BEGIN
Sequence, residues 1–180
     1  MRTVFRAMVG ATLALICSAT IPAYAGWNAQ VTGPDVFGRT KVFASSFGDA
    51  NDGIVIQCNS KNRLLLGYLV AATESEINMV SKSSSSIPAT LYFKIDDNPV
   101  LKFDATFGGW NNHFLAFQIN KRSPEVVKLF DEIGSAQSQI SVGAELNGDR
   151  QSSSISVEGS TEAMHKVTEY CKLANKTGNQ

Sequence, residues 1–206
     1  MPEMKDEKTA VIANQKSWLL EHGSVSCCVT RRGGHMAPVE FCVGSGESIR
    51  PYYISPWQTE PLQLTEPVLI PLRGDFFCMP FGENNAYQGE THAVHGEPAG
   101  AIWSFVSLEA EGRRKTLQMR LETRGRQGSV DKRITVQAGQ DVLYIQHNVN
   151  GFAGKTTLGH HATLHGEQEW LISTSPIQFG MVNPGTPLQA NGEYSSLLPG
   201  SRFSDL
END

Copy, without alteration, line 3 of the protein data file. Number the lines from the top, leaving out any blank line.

    51  NDGIVIQCNS KNRLLLGYLV AATESEINMV SKSSSSIPAT LYFKIDDNPV